The last supper?


#1

Why did Jesus, and his disciples, not stand during the last supper if that is how a sadder meal is eaten?

Thanks and God Bless

Joe M


#2

I didn’t know that sad meals were supposed to be eaten standing up. Where did you get this?


#3

It is my understanding that one did not remain standing for the entire seder meal. Just because the Bible passages do not mention what went on during the hours that the seder took, but only to a few minutes here and there, does not mean that the tradition was not followed scrupulously, now does it?


#4

Well, I don’t know for sure that is why I am asking. But God did command the People to eat the first passover with their loins girded and standing because they were leaving Egypt. I am trying to determine if that is still the custom, or more to the point, was it the custom of the sadder meal, passover, when Jesus walked the earth. If it was why did he not stand for it?

Thanks


#5

Jim, I believe we have answered you. If you google, you will find many places which speak of the passover feast.

And there is absolutely nothing in the scripture that says that Jesus did NOT stand during at least part of the seder meal (which is a lot longer and involves a lot more than what is spoken of at the moment when Jesus took the bread and blessed it, and then the wine. The scriptures do not mention that a cup of wine is traditionally poured for the prophet Elijah, and a place set for him at table; nor do they mention the six specific passover foods including lamb shank and bitter herbs dipped in salt water, nor do they mention that wine is drunk at four separate times during the meal, nor do they mention the four questions asked by the youngest person at each seder. Does that mean that none of this was DONE at the last supper? Jesus was a devout Jewish man. Jesus was both true God and true man. Is it likely that He would have been less than perfect or less than faithful in following the commands of the Father?


#6

since your question is more properly about customs and practice among Jews celebrating Passover now and in Jesus’ time, maybe this question should go on Non-Catholic Religions, and hopefully stillsmallvoice will answer, as he is our expert. I have been privileged to be a guest of Jewish friends at seder meals in the past and they are eaten sitting, which is a good thing since the meal takes a long time if all the prescribed readings and blessings are done. My hosts were kind enough to supply a booklet that has the format in both Hebrew and English, there is a name for this guide to the Passover, which I have forgotten.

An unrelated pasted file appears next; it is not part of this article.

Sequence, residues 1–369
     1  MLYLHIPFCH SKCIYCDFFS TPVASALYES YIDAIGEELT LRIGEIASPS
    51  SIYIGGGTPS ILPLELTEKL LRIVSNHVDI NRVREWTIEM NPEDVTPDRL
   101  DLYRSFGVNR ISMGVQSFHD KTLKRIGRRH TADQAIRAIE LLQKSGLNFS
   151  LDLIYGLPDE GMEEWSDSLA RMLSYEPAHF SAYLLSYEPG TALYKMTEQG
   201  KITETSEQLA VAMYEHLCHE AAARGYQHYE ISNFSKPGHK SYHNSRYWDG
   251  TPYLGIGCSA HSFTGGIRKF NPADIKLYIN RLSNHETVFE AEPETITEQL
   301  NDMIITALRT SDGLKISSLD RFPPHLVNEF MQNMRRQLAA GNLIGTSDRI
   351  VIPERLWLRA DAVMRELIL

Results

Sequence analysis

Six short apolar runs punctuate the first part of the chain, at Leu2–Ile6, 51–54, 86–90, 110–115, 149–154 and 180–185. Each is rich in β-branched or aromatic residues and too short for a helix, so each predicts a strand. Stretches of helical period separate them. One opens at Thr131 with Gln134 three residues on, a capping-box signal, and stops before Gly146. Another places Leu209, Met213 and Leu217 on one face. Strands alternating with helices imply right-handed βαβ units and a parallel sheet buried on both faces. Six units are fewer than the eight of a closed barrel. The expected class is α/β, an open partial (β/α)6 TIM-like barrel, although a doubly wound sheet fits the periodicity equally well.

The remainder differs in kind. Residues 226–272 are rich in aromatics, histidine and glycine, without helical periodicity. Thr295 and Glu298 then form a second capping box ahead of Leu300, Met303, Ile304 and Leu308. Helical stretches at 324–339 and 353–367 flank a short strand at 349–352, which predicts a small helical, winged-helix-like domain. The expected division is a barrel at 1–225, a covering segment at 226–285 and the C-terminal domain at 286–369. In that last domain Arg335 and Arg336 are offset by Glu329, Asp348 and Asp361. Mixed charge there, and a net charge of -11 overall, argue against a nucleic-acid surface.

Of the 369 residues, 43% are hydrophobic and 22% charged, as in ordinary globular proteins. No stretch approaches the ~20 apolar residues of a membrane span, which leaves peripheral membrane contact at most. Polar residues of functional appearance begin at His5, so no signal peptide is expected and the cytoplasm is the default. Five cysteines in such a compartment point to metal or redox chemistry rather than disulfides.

#7

Annie, it’s a haggadah, I believe. Mine is buried in the attic since our last move and I hadn’t meant to hunt it out until later in the winter. I’ll look for it over the weekend.


#8

Ok, that makes since, that the scripture may have been focused on only a specific part of the meal, however I am looking for a deeper theological meaning or parallel here. If the Passover is eaten while seated today when did it change? Is this an option that each house can choose? Would the Cup of Blessing, the 3rd cup, have been taken while seated or standing? I have a feeling there is something more going on here than what the plain words of scripture may allude to, especially to a 21st century American. I looked up web sites that play out the Passover blow by blow but these sites do not talk about when they sit and when they stand. I believe that nothing in scripture arrived their by chance and when you stubble across something that seems contradictory that it often leads to some deeper insight and I was thinking this could be the case here. So, it may seem that I am fussing about the plain words on the page but I am not, I truly want to know if Jesus was trying to tell us something by his sitting when he should be standing or vice versa. I am probably way off but I have found tremendous insight into these little details in the past so I was hoping to find gold again. Thanks


#9

The Mass is a reinactment of the Last Supper, and the Priest sits and stands appropriately during the Mass. That is my answer.


#10

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